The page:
There isn't too much of a language barrier with the Americans I meet. Mostly I understand what they say and mostly they understand me. And sometimes they comment on the accent and when they do, they are very nice about it. But the children we meet are another case. They understand my girls but they just can't work out why they sound so funny. Today one of Emilia's classmates looked at me and with a lightbulb moment said "oh, now I know where Emilia gets how she speaks, she gets it from you!"
When I explained that actually there's an entire nation of over 60 million people who speak like us (glossing over regional variations like Geordie, Scouse or Glaswegian obviously) her mouth dropped open in wonder. I've had children ask if they speak English in England. And some are correcting my girls' pronunciation. So E is being told to say warder instead of water. And she, in turn, is tempted to point out that when counting they are saying AD not eighty and what happened to the t? Both girls have started "translating" their words - they come home and say that at school they say "tomayto" so that their friends will understand.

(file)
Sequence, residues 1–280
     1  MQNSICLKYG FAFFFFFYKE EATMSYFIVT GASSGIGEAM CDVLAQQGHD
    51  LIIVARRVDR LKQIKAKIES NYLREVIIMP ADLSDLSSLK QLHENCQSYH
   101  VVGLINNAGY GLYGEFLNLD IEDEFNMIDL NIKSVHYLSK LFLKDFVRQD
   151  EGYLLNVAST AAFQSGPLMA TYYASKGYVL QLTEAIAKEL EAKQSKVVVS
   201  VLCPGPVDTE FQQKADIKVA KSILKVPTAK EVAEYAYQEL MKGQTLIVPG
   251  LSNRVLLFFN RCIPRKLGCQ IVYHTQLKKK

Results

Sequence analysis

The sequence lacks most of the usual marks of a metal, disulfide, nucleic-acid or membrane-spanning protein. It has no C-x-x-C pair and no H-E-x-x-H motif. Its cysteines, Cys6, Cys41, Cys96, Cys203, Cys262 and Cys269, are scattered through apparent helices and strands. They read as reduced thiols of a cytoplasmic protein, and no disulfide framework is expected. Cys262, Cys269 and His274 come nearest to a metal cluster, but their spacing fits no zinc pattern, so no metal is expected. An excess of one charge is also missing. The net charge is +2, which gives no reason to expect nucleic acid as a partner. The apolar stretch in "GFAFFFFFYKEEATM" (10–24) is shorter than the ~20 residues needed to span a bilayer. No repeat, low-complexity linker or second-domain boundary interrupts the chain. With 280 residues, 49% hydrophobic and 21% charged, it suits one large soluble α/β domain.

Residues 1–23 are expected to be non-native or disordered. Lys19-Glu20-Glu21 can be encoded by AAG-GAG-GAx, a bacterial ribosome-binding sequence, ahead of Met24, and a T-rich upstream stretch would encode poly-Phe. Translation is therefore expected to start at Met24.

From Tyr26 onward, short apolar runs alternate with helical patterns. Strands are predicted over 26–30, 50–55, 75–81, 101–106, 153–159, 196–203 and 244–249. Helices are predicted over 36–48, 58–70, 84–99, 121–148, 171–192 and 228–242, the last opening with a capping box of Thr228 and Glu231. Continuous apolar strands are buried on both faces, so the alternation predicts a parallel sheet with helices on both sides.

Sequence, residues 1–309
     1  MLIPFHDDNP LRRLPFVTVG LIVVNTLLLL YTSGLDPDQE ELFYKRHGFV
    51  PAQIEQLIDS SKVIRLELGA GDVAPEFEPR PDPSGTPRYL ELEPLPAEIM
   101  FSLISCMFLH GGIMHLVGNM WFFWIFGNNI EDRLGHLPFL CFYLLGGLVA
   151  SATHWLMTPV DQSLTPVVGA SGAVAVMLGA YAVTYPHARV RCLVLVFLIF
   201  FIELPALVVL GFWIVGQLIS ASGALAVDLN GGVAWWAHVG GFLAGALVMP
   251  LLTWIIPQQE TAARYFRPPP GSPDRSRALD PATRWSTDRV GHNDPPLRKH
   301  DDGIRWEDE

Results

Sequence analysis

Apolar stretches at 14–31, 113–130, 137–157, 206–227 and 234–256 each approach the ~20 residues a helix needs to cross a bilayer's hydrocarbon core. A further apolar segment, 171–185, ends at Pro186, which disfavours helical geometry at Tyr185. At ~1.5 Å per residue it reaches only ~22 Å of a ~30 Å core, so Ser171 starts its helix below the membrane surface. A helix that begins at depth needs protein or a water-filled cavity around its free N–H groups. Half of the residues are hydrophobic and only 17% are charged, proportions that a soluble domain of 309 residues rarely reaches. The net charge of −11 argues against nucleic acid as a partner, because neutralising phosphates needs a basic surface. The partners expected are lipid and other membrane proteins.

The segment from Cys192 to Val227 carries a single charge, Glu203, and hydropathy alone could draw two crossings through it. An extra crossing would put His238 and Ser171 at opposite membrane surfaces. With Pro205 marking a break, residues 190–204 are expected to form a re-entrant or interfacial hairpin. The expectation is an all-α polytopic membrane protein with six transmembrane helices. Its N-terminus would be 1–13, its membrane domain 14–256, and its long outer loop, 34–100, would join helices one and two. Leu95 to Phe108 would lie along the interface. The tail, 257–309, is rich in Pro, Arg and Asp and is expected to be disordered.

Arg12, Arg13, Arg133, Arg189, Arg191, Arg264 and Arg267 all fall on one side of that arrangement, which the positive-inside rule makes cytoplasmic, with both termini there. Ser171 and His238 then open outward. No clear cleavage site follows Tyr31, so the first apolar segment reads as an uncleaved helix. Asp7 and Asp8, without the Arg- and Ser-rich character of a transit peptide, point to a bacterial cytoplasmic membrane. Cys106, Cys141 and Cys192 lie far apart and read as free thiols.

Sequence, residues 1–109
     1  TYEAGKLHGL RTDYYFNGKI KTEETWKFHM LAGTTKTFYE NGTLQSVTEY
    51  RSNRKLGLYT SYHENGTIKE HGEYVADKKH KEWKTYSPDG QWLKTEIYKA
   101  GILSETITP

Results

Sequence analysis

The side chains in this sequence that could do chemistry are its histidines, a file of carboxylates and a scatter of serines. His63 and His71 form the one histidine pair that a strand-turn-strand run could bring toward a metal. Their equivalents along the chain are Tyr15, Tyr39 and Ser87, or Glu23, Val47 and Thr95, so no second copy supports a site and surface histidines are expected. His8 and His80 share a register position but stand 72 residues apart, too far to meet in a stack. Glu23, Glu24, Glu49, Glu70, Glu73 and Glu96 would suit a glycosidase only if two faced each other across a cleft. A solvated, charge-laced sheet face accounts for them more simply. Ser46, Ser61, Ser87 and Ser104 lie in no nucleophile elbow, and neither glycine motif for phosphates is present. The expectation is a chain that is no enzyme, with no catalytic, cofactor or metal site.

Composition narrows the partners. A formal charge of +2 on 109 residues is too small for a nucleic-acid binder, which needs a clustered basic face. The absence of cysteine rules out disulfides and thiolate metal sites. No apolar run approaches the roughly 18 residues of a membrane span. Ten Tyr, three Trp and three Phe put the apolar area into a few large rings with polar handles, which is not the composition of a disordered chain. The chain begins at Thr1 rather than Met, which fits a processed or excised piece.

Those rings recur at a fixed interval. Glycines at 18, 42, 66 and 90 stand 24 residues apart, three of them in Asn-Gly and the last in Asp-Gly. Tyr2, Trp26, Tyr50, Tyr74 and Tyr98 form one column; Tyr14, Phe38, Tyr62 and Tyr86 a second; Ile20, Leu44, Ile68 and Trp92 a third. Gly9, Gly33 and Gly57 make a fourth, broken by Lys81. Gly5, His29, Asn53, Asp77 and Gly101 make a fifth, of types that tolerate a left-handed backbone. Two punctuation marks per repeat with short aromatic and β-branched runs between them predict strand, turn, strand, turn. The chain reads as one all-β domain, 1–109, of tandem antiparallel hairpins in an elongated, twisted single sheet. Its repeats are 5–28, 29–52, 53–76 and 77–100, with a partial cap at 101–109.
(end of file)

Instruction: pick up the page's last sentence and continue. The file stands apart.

Meanwhile Tom is occasionally having to repeat his name because over here it is Tahm not Tom and so people look quizzical. As I've had a lifetime of people looking bemused when I say my name, I find this very funny.